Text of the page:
Monday, February 11, 2013

The Game is Afoot!

The Assad regime finally responded to opposition leader Moaz Alkhatib’s offer for talks. The response was somewhat “positive,” and with it, the game is now afoot. Opposition members had better take a crash course in negotiation skills. Lucky for them, someone had already prepared a handbook on political negotiations for dummies and the ideologically impaired. Meanwhile, rebels continue their advances in hotspots throughout the country. Now, we can be engaged on both fronts: the military and the political, until something gives, the state collapses, or both.

Sunday February 11, 2013

Today’s Death Toll: 109 martyrs, including 15 children and 9 women and martyr under torture: 41 martyrs in Aleppo, 33 martyr in Damascus and its Suburbs,10 martyrs in Idlib, 10 martyrs in Homs , 8 martyrs in Daraa, 5 martyrs in Deir Azzor, and two martyrs in Hama (LCCs).

Points of Random Shelling: 302 points, 16 points were shelled by warplanes, 3 points by Cluster Bombs, 1 point by Thermobaric Bombs and 1 point by barrel bombs. Artillery shelling was reported in 161 points, mortar shelling in 74 points and missile shelling in 67 points (LCCs).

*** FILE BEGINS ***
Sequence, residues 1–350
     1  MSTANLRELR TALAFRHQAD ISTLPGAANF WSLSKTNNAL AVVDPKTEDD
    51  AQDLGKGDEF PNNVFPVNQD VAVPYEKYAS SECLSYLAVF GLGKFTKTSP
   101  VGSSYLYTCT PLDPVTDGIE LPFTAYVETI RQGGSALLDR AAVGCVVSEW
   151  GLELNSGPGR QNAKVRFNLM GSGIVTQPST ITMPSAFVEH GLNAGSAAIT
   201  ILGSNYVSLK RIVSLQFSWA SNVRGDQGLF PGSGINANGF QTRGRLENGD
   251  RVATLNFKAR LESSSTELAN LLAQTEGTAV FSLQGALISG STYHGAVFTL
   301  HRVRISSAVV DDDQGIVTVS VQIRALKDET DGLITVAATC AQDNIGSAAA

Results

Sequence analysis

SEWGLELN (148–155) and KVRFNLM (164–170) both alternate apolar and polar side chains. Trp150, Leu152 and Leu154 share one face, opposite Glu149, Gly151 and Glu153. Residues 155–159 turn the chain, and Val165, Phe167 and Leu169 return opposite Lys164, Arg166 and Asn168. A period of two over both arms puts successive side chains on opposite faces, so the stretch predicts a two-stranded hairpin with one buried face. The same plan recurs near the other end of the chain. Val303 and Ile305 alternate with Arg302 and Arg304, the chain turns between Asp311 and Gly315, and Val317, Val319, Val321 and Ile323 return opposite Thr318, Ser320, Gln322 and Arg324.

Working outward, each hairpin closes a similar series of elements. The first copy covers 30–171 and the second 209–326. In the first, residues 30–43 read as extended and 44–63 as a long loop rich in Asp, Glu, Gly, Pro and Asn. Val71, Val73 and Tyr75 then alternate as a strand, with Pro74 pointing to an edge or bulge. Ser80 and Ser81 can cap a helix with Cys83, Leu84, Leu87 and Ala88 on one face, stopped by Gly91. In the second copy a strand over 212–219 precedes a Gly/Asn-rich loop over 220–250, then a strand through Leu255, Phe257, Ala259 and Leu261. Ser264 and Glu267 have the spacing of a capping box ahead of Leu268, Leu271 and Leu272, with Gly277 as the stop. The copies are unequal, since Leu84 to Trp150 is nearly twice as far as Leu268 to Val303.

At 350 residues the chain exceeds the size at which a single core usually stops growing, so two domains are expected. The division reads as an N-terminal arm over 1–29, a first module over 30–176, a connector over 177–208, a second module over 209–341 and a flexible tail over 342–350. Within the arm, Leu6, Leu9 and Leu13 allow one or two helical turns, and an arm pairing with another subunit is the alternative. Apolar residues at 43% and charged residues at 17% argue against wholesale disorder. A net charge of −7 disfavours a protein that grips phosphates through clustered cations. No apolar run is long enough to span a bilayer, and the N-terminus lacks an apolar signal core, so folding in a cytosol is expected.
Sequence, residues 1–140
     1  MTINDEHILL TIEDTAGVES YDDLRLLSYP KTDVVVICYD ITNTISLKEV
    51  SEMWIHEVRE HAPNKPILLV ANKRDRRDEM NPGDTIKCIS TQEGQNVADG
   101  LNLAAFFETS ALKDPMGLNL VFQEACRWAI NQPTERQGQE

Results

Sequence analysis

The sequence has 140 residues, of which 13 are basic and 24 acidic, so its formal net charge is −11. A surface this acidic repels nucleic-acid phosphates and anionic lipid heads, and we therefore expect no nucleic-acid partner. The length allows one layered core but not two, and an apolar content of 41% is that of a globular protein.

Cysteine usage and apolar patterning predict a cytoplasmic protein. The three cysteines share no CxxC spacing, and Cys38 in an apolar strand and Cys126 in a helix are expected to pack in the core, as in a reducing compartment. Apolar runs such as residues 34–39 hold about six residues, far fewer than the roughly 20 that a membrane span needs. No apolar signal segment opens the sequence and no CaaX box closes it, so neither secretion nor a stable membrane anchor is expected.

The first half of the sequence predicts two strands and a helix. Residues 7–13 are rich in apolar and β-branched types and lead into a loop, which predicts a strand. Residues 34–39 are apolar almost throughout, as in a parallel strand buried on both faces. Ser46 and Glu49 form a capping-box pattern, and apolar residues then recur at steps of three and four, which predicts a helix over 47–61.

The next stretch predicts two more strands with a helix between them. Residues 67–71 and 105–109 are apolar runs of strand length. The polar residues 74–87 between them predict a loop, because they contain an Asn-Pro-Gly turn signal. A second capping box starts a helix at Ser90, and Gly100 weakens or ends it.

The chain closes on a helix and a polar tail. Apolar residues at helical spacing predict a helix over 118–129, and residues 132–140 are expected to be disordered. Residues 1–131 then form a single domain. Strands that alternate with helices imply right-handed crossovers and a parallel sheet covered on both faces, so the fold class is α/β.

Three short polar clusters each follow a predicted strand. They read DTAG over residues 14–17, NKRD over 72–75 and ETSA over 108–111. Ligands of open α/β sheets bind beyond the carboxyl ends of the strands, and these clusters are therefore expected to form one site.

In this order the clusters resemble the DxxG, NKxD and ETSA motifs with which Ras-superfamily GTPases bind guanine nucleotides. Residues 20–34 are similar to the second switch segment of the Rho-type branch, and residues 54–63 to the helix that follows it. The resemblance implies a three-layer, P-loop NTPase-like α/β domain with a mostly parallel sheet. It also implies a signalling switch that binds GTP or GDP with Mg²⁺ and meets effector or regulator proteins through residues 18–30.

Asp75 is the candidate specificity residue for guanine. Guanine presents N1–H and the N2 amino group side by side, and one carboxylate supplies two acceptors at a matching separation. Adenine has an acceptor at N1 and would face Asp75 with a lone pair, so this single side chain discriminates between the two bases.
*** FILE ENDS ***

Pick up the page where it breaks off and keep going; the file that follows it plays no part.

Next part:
Clashes: 135 locations. Successful operations include the liberation of Al-Jarah Military Airport, taking over the Tabqa Dam in Raqqa, the Musiqiya Barracks in Jobar in Damascus City and a Republican Guard center in the town of Adra in Damascus Suburbs (LCCs).

Syria rebels seize dam, blast on Turkish border Rebels have captured Syria's biggest hydro-electric dam and battled army tank units near the center of Damascus, activists said as the opposition renewed an offer on Monday to negotiate the departure of President Bashar al-Assad. On the Turkish border, nine people were killed when a car arriving from rebel-held territory in northwestern Syria blew up at the Reyhanli frontier crossing; Turkish officials said it was unclear whether the blast was a suicide attack or an accident.
Syrian minister offers to meet opposition leader overseas "I am willing to meet Mr Khatib in any foreign city where I can go in order to discuss preparations for a national dialogue", Ali Haidar, the minister for national reconciliation, told the Guardian. His remarks were the most positive response the Syrian government has yet given to the opposition leader's surprise change of line… In explaining the purpose of the national dialogue, Haidar raised the prospect of a genuine contest for a multiparty parliament and for the presidency when Assad's mandate runs out next year.